Extending the ADAM Schema

Extending the ADAM Schema


You want to extend the ADAM Schema with new classes or attributes.


Using a command-line interface

To extend the ADAM Schema from the command-line, you'll need to create an LDIF file containing the necessary schema extensions, and then import it using the LDIFDE command, or use a tool like AdMod to perform the changes. ADAM comes with a number of such LDIF files pre-installed that you can import during the ADAM installation process. If you did not import these files during installation, you can do so after the fact using the following syntax:

	> ldifde -i -f <driveletter>:\<pathname>\contact.ldf s<servername>:<portnumber>-k
	-j . -c "CN=Schema,CN=Configuration" #schemaNamingContext


The schema that you receive when you install ADAM contains a subset of the classes and attributes that exist in the Active Directory Schema. You have the same ability to extend the schema in ADAM as you do in AD, which means that you can expand and modify the schema to be the same as the AD Schema, or to match any changes made by your third-party or home-grown applications. Because of this, ADAM is a great place to test potential schema modifications that you want to make in Active Directory. Because the schema extension process works the same in both AD and ADAM, and because you can easily install, uninstall, and reinstall ADAM instances, you can use ADAM to quickly test new extensions, tweaking the definitions until you get exactly what you want.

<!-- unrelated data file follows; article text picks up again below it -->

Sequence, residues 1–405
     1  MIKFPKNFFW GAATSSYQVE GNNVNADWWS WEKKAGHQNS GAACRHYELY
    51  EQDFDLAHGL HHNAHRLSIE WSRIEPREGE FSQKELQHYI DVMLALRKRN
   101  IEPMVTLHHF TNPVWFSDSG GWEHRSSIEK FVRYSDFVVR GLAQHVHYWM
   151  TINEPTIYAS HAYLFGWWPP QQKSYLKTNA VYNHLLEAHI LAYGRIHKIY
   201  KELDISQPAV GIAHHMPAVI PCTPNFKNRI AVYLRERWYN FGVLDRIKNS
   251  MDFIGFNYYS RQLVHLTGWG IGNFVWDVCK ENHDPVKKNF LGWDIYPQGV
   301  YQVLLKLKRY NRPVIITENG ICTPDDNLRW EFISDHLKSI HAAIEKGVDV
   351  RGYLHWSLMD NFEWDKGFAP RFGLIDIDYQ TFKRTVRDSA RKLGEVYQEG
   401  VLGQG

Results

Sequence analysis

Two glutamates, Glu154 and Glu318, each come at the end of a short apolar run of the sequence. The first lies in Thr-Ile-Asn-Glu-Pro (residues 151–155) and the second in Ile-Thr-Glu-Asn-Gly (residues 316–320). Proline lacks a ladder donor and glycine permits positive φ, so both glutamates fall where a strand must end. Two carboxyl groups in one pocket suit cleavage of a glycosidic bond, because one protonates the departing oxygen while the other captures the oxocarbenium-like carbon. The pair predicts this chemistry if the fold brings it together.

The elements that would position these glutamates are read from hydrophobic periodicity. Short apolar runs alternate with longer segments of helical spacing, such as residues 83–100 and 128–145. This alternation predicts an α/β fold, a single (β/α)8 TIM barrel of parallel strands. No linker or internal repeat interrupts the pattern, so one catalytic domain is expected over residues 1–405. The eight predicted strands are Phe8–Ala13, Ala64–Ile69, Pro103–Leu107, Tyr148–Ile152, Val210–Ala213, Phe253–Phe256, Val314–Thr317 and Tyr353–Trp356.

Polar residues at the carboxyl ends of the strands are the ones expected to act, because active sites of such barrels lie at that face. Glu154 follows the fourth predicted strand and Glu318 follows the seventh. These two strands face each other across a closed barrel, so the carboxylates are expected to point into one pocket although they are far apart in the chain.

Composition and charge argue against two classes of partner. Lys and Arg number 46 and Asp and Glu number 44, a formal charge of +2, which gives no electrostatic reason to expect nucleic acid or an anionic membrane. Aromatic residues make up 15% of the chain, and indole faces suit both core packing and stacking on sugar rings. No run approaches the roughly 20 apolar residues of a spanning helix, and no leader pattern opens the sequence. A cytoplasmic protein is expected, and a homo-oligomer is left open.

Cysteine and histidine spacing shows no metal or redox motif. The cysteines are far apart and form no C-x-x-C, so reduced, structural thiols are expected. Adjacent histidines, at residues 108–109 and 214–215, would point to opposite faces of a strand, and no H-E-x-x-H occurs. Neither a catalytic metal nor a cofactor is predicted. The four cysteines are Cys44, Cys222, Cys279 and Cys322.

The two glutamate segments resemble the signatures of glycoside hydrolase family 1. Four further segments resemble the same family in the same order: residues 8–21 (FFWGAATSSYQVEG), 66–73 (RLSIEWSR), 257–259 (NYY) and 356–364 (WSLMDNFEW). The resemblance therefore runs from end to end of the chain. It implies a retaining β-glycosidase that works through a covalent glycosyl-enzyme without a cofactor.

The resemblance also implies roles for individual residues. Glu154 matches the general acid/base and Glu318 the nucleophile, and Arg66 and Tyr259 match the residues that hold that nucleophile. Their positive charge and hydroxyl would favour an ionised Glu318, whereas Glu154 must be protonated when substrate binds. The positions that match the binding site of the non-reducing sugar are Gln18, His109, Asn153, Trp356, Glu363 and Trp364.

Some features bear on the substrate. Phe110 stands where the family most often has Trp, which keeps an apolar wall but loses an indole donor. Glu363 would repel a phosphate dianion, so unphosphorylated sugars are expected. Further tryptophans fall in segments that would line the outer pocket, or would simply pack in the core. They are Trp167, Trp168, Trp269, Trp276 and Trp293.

Every instance of ADAM will have at least two partitions: the Configuration partition and the Schema partition; you can create additional application partitions during or after installation as described in Chapter 18. Similar to the Active Directory Schema NC, the ADAM Schema partition contains definitions of classes and attributes that can be used to create objects within a particular ADAM instance. An ADAM Schema is unique to an individual ADAM instance; changes to the schema in one instance will not affect the schema in other, separate instances. ADAM comes with a number of pre-configured LDIF files that you can import to create common object types such as user, contact, and inetorgperson objects. You can import these LDIF files during the initial creation of an ADAM instance as well as after the instance has been created.

Using a command-line interface

When updating the ADAM Schema, be sure to use the version of ldifde that came with ADAM rather than any earlier versions of the utility.

See Also

Recipe 19.2, MSDN: Adding User Classes [ ADAM], MSDN: Adding Contact Classes [ ADAM], MSDN: Extending the Active Directory Application Mode Schema [ADAM], and Chapter 18 of Active Directory, Third Edition, by Joe Richards et al. (O'Reilly)

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